Savage had an idea in mind to film “Tucker’s War,” his original screenplay for a western series created for TV, using mostly unknown talent across the board; there were only six professionals in the film industry used for this project.

Savage told the crowd, “The pilot is tangible proof of what can be done, with no budget, with little time and new to film talent. Others gave to me when I first got started in the industry. I want to give back and help others, that is what Summerhawk Film Institute is all about. We are going to take ‘Tucker’s War’ and use it to get grants and use it to show to Native American tribes and underprivileged kids to show them what they can do if they train for one of the many paying jobs in the film industry.”

At the preview, Savage was asked when “Tucker’s War” would air. Howard Hughes, creator of the Spruce Goose was once asked a similar question, when will it fly? Savage reminded the crowd.

“It was not whether or not it would fly,” said Savage. “It was about bringing together creative minds and discovering new technology.”

For Savage, Tucker’s War was the same, not about whether or not it airs, it is about being a vehicle of change.

One of the famous Ramona Cowboys, a newcomer to film and Anza local, Steve Silkotch Jr, is a real life cowboy; horseman, singer and musician. He plays the starring role of Tucker Hicks convincingly with emotion and convictions of a real western cowboy film hero.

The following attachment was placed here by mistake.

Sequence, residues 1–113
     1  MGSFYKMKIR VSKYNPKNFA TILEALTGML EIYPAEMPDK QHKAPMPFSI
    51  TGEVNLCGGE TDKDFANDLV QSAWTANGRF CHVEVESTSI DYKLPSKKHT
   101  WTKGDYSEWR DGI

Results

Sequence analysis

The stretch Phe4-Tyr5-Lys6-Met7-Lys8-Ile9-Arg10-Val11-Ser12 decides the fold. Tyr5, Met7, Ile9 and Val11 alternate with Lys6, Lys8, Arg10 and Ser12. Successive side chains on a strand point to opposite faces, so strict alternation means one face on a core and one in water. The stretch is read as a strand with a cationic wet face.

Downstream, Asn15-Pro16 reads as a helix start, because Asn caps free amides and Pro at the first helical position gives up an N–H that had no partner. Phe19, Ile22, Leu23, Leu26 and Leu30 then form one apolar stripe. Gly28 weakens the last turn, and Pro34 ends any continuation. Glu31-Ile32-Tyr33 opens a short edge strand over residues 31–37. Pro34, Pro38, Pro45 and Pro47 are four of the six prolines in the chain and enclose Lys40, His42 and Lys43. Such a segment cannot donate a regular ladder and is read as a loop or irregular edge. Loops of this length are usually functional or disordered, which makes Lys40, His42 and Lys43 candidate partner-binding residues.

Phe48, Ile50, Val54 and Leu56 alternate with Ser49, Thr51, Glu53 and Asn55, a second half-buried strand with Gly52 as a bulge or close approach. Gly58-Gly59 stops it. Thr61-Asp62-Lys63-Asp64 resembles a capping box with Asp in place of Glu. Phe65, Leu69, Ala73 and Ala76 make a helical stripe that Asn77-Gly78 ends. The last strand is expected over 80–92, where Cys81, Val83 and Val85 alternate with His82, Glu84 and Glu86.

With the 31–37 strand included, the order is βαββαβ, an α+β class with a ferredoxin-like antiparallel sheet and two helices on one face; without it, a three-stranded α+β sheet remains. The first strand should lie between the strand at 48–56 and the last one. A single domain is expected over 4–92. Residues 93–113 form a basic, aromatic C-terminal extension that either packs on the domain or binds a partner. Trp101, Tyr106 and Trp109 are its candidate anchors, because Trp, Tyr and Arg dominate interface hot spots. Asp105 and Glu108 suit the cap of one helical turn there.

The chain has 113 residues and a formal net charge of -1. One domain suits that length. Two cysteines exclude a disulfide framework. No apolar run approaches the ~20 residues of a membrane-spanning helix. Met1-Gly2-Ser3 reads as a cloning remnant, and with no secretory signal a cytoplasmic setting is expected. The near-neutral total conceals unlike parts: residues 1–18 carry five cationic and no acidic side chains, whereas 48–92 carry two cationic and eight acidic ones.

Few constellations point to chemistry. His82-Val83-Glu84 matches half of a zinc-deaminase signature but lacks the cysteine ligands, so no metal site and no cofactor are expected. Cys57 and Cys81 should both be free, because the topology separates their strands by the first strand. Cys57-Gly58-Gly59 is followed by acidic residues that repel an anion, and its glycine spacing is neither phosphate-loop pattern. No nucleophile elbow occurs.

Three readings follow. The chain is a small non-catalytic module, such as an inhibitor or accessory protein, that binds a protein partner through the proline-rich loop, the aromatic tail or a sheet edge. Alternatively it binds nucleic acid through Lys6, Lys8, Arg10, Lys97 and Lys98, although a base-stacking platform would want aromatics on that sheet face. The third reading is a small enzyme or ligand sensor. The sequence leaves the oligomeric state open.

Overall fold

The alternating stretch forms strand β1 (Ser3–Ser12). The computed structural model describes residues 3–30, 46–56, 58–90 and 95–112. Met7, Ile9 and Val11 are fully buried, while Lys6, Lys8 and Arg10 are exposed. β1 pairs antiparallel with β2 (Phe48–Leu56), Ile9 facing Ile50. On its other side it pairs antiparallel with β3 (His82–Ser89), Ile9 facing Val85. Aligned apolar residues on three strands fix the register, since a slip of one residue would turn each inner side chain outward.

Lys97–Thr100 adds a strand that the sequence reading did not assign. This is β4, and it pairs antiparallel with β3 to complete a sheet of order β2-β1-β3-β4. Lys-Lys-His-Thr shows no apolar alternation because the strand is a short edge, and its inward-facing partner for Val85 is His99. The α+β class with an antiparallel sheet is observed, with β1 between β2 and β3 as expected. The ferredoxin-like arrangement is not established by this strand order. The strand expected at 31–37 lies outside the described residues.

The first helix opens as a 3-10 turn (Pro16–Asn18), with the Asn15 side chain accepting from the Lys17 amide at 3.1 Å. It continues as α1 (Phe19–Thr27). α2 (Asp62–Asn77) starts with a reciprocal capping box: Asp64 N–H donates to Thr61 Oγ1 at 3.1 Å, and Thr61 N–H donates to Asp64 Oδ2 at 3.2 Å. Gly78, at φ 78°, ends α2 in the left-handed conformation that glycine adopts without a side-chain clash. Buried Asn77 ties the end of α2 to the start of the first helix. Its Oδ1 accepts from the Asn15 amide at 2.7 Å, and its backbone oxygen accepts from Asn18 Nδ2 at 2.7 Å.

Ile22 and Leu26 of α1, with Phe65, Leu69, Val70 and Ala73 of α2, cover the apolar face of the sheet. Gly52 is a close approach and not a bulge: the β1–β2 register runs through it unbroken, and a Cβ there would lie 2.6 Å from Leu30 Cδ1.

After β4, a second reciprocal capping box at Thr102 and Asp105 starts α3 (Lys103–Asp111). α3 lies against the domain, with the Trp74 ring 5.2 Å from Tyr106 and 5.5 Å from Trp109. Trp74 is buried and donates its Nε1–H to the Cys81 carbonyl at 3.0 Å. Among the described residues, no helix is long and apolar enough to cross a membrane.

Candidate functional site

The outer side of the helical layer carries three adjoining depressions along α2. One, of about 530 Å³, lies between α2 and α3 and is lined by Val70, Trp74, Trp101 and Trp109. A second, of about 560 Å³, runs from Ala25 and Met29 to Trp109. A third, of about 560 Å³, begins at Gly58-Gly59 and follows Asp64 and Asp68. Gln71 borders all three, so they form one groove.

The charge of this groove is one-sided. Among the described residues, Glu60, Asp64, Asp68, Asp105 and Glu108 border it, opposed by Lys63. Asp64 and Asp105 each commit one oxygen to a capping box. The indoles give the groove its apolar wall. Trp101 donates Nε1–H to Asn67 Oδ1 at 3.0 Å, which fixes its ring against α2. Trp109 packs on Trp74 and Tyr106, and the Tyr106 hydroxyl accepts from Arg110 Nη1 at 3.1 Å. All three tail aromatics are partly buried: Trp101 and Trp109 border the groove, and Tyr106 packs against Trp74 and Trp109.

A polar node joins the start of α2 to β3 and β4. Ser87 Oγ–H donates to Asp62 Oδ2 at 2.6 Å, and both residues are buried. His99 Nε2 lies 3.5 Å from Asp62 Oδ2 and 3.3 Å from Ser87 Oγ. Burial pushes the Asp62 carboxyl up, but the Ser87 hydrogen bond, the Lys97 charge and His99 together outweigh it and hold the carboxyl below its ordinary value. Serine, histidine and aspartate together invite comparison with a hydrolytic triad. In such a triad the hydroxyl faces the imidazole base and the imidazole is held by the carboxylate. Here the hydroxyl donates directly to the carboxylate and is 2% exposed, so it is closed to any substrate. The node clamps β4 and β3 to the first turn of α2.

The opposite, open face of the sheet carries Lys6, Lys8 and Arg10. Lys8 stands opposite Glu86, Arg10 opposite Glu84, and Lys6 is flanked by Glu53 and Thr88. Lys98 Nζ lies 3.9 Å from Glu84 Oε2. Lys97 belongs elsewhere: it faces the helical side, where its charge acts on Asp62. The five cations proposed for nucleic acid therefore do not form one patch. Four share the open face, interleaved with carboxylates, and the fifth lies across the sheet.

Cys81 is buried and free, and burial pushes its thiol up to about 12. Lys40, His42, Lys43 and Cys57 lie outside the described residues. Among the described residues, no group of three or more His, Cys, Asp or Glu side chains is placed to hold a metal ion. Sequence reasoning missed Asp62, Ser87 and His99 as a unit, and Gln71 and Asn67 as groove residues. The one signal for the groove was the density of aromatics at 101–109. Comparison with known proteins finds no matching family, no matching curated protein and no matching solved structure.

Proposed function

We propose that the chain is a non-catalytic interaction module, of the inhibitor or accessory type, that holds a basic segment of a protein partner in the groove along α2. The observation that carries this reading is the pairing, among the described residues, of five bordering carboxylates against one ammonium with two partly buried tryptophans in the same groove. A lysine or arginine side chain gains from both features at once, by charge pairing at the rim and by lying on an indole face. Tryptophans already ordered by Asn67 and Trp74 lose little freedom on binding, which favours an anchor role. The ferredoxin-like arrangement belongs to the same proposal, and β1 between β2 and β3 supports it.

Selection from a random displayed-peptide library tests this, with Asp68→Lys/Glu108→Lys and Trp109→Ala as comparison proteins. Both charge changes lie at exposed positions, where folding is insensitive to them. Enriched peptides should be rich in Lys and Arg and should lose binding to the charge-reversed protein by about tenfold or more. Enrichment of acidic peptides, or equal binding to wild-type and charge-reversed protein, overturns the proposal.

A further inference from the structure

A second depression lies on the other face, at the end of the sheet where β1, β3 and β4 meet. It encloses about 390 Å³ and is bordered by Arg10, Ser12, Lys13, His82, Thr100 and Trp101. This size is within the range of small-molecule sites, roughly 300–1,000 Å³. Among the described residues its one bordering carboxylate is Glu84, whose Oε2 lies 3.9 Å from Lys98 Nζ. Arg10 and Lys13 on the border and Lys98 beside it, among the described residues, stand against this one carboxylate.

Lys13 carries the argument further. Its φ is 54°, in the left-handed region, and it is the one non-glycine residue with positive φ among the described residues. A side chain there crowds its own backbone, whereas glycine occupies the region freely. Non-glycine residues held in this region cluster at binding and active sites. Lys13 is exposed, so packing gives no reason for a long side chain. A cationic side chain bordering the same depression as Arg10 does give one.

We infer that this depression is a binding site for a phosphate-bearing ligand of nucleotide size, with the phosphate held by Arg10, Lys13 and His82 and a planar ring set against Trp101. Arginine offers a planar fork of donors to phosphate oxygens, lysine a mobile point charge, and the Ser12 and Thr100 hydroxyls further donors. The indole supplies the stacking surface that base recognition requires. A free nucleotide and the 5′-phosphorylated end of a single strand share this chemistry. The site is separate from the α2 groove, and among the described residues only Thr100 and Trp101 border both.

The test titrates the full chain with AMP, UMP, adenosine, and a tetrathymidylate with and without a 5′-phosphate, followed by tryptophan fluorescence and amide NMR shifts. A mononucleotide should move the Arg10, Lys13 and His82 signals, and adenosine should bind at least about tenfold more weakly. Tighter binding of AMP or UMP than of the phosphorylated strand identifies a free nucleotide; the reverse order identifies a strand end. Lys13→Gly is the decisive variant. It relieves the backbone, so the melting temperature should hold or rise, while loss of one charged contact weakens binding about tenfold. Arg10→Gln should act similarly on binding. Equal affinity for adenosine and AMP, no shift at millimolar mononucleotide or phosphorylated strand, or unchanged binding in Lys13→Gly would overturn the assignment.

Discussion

Anza local Michael Thomas is a nice guy in real life. He also is a real cowboy, horsemen, singer, musician, song writer Ramona actor and more. He plays one of the main characters in “Tucker’s War” He is so convincing in his part as mean bad-to-the bone Deputy Otis Huckabee, his longtime friends in the audience stating they were tempted not to talk to him again after viewing “Tucker’s War.”

JR Hall, also a Ramona Cowboy from Anza, plays the good guy Deputy Dick Weeks. (There are so many actors from the Ramona Pageants whose talents are showcased in “Tucker’s War,” or will be that only some are mentioned here).

Also in “Tucker’s War” from “Ramona” is the play’s Director Dennis Anderson who has made the character of Doc Hopkins all his own. His timing in the scene where he takes a swig from a flask after Hicks’ presses him with a question makes the doc’s reaction real and unforgettable. Anderson’s real-life wife and fellow “Ramona” talent, Kathi Houston Anderson, plays Clara Strunk’s (Jennifer Marceau) busybody mother, Mary, setting the scene for things to come.

“Ramona’s” Danny Ferguson plays a main character too. He is the level headed good guy Sheriff Clyde Eubanks. His character always does what is right, as he sees it. Eubanks is a standup guy yet to trusting of his own kind, the other lawmen in his town. Ferguson plays the Sheriff convincingly. He leaves you wanting and waiting for him to discover who has been doing real evil deeds behind his back.